Take-home salaries increasing at a slower rate

Cape Town - Only about 1 in 5 South Africans working in the formal sector take home a monthly income of less than R4 000, Mike Schüssler, chief economist at Economists dotcoza, told Fin24 on Wednesday.

At the same time, 52% of pensioners take home less than R4 000 per month.

He commented on the findings of the latest BankservAfrica Disposable Salary Index (BDSI).

While take-home pay is still increasing, it is at a lower rate than a year ago, and therefore the trend overall is slowing, the index shows.

The quickest growth in disposable income seems to be among those taking home about R25 000 to R100 000 per month, according to Schüssler.

This category of earners form overall just over 9% of salaries paid in SA and under 2% of pensioners' earnings.

In interpreting the data, Schüssler said it seems that a large number of people earning salaries are climbing the ranks. The increase in their salaries are, therefore, also due to what he calls "title inflation" - in other words people being promoted or moving on to more senior jobs.

Increase in real terms

Overall the BDSI shows that both salaries and pensions increased in real terms in June with slower real increases than the average over the last six months. The latest index shows an average of R12 849 for June. This is 5.8% higher than a year ago.

Civil servants' gross salary increases were 6.4%, while private sector increases averaged about 7% over the last year.

READ: Public sector delays impact salary growth

The real growth of the average disposable salary in SA is, however, 1% after inflation – "which is positive real growth thanks to civil servant salary increases and backdated payments in June," according to Schüssler.

“The average BankservAfrica disposable salary increase in the first six months of 2015 was 6.3% compared to 8.3% for the first six months of 2014 in nominal terms.

"Salary earners did not do as well as pensioners, but pensioners are coming from a far lower base," explained Schüssler.

"So we are complaining while we have no real reason to complain. Yes, we want to buy more things, but ultimately those of us in jobs typically are still doing OK."

The slowdown is partly because of a lower inflation rate, as most salary adjustments are linked to the consumer price index, according to Dr Caroline Belrose, head of fraud and data analytics at BankservAfrica.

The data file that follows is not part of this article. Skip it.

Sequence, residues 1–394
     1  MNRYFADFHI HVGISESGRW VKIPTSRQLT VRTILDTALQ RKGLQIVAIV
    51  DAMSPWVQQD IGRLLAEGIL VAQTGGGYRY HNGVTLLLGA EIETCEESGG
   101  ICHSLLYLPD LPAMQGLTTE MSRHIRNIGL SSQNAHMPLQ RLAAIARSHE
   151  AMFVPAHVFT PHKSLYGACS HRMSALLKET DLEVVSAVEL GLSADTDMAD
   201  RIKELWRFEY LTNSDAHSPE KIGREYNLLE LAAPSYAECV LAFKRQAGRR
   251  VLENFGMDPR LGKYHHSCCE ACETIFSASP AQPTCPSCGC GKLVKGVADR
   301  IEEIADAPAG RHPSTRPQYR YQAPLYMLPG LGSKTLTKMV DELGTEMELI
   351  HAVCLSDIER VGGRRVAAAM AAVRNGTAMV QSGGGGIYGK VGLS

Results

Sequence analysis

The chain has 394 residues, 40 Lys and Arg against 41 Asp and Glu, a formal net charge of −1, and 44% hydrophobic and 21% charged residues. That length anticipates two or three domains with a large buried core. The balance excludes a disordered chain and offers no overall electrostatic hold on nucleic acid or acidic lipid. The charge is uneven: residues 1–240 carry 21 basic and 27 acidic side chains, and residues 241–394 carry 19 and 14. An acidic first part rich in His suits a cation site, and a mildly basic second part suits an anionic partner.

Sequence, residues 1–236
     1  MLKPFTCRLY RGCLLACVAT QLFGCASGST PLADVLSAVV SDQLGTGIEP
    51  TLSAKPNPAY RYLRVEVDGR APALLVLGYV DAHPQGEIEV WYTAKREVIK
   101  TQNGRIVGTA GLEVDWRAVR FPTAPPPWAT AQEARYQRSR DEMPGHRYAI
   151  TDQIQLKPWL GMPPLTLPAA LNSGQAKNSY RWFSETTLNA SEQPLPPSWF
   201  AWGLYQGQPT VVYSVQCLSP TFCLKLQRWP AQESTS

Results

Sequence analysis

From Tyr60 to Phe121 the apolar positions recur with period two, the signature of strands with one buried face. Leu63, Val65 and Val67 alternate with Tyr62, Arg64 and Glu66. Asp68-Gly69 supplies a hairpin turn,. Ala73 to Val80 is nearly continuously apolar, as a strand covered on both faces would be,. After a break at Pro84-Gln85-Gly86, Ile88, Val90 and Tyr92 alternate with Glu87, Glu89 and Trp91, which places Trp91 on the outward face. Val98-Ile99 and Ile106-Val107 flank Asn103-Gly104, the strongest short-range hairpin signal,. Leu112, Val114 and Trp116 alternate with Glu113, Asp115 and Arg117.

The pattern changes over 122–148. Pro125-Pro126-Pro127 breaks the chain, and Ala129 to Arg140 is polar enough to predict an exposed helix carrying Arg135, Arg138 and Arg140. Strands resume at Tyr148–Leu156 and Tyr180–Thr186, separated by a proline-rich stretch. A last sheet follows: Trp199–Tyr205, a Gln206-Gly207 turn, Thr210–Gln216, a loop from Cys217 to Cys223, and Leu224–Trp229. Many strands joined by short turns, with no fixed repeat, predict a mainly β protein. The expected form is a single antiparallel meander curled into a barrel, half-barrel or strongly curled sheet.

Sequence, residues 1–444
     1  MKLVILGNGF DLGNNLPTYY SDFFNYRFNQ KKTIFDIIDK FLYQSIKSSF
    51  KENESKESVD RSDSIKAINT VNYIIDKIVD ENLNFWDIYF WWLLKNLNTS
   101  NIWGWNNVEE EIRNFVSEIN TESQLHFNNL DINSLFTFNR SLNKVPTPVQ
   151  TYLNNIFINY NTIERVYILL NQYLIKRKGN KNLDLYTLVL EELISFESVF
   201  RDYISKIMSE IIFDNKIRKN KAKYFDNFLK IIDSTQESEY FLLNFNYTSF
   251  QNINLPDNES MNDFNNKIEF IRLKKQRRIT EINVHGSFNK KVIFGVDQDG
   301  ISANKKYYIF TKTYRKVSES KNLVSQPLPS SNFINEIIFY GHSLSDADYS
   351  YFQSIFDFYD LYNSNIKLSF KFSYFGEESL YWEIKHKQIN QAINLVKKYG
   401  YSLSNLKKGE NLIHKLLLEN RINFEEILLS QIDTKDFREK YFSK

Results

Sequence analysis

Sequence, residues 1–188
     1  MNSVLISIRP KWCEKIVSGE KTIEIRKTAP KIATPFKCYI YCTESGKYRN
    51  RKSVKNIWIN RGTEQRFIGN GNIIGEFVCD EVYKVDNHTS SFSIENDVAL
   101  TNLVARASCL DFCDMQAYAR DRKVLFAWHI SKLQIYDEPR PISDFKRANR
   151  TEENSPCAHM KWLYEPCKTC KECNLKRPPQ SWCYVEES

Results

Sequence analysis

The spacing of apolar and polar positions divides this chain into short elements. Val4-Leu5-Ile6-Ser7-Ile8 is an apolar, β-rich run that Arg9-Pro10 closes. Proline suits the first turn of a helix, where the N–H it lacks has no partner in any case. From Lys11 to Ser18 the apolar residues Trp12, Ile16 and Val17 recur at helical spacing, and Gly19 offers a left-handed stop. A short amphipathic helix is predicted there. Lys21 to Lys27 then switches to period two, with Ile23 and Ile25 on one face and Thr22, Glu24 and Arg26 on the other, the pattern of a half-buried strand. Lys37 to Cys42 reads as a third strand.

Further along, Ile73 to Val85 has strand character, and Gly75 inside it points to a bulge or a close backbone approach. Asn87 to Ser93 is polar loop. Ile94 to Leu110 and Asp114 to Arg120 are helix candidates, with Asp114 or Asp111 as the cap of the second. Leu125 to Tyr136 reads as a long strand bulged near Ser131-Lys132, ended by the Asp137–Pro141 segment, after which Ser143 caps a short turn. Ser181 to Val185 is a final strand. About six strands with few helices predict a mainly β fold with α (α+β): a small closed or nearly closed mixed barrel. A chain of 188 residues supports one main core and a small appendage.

She expects these slower nominal increases to continue as lower inflation impacts on wage increases which will lead to low real wage increases as inflation picks up again.

Wage increases are also low as they factor in the lower inflation rate. The BDSI trend is expected to continue with low to negative real increases for the next few months.

Gross salary increases

The BDSI is also showing slightly lower increases than gross salary increases due to a number of factors like lower salary increases, higher deductions from personal tax as well as higher medical insurance payments.

Garnishee trend

Other statistical data shows fewer cases of civil debt judgements meaning there should be fewer garnishee orders deducted from formal sector salaries, said Schüssler.

READ: Pensions beat take-home salaries in inflation stakes

Private pensions

In contrast to salaries, the average take-home private pension has been increasing at a much faster rate, the BDSI shows. The South African take-home pension averaged out at R5 766 per month - an increase of 3.9% in real terms.

Pension payments are believed to be benefitting from higher equity markets and the weaker rand, as many pension funds have foreign exposure.

This could also indicate that, while pensions are still under 45% of the disposable salary level, the growth in pensions could become more important to retailers and others if salary growth or employment levels come under pressure.

ALSO READ: SA economy not really going anywhere - economist

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